Tyneham is the archetypal 'lost village': a Dorset hamlet in a beautiful valley evacuated to make a training area for allied tanks during World War Two, and never returned to its inhabitants despite Churchill's pledge of restitution. It has lurked in the national imagination ever since: the symbol of a vanished England.
A history of the military occupation of a Dorset village, The Village that Died for England is also a subtle parable about the politics of landscape and a masterpiece of English irony. First published in 1995 to considerable acclaim and controversy, this Faber edition has been revised to take into account material that has since come to light, and includes many additional illustrations.
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Patrick Wright's books include The Village that Died for England, of which Michael Hofmann wrote 'I don't think I have read a better book about this country', and A Journey Through Ruins, acclaimed in the Observer as the work of 'a pin-sharp miniaturist who can see the world in a grain of sand'. He presents 'Nightwaves' for BBC Radio 3, and recently wrote and presented 'The River', a popular BBC2 television series about the Thames at the beginning of the 21st century. In 2001 he was co-curator of Tate Britain's exhibition of paintings and drawings of Stanley Spencer. Tank: The Progress of a Monstrous War Machine was published in 2000.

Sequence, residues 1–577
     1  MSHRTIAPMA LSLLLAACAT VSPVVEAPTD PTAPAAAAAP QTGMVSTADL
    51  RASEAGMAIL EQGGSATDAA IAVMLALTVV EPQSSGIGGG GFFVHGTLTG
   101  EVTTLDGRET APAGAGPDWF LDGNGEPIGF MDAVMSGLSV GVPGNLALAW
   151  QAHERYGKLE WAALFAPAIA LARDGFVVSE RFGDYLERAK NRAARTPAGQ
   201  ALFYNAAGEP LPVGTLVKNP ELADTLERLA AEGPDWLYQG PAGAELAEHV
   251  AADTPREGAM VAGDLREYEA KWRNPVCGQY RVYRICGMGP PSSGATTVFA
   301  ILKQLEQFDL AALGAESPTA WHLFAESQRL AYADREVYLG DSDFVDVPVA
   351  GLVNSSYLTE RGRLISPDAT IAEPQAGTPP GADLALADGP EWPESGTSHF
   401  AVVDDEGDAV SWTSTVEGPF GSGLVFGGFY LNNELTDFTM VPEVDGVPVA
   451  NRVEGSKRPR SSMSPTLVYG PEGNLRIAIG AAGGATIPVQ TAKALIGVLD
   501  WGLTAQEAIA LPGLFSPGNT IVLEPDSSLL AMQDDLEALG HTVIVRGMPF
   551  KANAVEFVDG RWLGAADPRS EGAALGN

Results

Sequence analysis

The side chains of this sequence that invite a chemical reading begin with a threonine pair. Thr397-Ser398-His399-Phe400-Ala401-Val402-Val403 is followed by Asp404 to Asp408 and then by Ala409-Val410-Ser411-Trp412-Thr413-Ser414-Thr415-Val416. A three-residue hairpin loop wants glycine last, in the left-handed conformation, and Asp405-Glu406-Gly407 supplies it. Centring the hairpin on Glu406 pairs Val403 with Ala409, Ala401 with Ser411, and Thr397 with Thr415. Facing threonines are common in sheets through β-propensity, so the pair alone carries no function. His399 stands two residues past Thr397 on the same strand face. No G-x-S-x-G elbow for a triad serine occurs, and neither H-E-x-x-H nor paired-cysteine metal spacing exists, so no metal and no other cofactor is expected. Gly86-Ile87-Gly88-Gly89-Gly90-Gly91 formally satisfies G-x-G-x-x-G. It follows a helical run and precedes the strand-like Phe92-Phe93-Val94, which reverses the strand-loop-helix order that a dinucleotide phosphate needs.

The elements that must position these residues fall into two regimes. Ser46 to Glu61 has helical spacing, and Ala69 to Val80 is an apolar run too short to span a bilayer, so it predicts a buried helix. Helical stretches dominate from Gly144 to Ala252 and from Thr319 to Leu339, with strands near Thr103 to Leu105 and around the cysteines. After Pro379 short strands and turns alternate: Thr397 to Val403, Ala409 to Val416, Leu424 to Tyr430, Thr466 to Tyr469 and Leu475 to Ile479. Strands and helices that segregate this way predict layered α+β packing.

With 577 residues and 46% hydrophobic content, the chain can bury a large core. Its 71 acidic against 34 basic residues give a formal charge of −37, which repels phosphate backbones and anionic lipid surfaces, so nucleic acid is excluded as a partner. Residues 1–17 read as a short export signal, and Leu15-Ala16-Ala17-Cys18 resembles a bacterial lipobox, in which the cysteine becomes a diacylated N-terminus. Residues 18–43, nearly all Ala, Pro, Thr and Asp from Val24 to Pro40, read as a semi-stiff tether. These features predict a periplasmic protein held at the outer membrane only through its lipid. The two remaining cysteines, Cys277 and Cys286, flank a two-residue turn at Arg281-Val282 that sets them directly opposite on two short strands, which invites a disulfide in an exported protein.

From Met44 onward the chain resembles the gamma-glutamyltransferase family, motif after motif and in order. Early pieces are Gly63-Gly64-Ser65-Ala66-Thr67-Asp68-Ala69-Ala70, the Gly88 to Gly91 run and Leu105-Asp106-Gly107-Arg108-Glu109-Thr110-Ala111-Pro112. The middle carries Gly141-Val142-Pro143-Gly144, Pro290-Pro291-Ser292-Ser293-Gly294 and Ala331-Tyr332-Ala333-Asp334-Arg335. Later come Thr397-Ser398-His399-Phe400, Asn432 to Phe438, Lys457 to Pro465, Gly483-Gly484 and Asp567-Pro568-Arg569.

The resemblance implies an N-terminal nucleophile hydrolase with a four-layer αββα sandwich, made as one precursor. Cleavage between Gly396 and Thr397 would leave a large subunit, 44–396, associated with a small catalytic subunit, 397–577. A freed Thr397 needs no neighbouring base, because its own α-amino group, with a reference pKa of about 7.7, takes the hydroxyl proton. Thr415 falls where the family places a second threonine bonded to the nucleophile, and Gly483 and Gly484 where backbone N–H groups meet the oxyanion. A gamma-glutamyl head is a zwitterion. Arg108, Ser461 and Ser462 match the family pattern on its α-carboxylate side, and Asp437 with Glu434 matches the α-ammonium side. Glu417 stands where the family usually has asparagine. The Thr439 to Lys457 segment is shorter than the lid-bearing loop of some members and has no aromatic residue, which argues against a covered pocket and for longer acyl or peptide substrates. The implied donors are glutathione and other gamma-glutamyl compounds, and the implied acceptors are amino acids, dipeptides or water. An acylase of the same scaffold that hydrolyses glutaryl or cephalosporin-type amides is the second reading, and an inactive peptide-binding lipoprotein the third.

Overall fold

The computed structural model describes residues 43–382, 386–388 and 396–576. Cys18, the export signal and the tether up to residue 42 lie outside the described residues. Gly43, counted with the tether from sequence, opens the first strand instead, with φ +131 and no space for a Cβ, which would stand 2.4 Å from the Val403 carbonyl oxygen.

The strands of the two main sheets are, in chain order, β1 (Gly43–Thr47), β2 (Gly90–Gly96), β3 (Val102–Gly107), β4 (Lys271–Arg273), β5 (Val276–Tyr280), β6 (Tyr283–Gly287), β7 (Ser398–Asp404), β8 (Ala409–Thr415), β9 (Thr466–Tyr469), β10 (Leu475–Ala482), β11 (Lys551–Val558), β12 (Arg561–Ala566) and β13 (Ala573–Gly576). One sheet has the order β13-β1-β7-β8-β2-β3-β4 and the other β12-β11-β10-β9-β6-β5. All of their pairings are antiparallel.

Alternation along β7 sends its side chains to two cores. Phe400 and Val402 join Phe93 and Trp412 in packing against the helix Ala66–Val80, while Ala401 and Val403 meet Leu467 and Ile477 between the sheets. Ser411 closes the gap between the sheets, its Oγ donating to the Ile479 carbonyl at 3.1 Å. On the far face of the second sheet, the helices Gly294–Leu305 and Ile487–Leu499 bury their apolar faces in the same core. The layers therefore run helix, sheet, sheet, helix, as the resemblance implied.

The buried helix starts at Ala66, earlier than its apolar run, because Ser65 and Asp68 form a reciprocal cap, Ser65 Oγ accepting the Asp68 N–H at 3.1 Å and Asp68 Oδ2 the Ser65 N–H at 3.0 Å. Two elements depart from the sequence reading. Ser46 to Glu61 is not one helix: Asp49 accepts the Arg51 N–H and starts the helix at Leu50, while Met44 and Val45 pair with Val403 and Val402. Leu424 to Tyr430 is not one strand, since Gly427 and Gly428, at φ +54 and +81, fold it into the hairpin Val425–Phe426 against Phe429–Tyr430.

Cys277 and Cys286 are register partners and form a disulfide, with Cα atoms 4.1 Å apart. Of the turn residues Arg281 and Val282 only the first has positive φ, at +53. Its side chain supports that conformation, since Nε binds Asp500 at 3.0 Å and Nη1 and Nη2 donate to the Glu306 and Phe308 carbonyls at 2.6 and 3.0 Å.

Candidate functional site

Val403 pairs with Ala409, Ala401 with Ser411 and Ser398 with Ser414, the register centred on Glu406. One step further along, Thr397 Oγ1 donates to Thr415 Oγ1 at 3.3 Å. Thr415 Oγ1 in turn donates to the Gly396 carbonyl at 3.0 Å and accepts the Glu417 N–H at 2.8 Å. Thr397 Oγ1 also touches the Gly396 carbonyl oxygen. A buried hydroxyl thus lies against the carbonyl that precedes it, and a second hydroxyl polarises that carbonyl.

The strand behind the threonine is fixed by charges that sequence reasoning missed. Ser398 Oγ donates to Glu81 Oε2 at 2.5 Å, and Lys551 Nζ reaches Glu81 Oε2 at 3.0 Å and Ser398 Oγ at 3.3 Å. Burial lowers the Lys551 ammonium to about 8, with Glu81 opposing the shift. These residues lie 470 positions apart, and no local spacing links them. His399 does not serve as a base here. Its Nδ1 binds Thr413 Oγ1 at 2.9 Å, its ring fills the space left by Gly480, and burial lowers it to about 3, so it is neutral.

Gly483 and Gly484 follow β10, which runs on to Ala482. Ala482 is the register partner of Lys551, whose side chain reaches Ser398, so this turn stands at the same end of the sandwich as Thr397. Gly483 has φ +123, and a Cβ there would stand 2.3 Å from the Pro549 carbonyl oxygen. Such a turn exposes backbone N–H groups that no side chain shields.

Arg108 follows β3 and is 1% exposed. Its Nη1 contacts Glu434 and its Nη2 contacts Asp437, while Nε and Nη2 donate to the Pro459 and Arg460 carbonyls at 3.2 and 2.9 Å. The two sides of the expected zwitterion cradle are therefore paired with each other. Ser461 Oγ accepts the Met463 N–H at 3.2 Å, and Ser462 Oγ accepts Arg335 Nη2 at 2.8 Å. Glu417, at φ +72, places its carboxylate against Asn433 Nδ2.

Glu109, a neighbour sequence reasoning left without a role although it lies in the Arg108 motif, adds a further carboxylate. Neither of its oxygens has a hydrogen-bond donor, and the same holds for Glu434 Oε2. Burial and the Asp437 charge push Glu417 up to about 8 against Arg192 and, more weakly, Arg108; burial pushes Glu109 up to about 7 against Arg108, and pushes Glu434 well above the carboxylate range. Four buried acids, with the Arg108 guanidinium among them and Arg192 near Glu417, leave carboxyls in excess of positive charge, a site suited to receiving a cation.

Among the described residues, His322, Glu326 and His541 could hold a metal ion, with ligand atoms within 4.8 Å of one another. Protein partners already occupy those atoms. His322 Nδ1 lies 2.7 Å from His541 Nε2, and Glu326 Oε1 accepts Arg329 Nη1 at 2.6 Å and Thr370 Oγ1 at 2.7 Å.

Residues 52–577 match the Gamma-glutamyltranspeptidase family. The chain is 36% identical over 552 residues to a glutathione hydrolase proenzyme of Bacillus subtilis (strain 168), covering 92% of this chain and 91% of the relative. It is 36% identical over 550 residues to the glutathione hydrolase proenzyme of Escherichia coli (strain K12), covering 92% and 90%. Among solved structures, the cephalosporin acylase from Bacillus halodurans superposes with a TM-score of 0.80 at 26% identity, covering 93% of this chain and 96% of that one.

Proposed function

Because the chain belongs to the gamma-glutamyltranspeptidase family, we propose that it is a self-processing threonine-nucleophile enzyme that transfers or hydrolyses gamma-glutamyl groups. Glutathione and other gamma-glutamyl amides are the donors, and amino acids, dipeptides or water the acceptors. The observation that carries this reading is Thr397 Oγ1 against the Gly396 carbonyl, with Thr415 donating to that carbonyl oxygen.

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Descrizione libro Faber & Faber, 2002. Paperback. Condizione libro: New. 2nd. Codice libro della libreria DADAX057121441X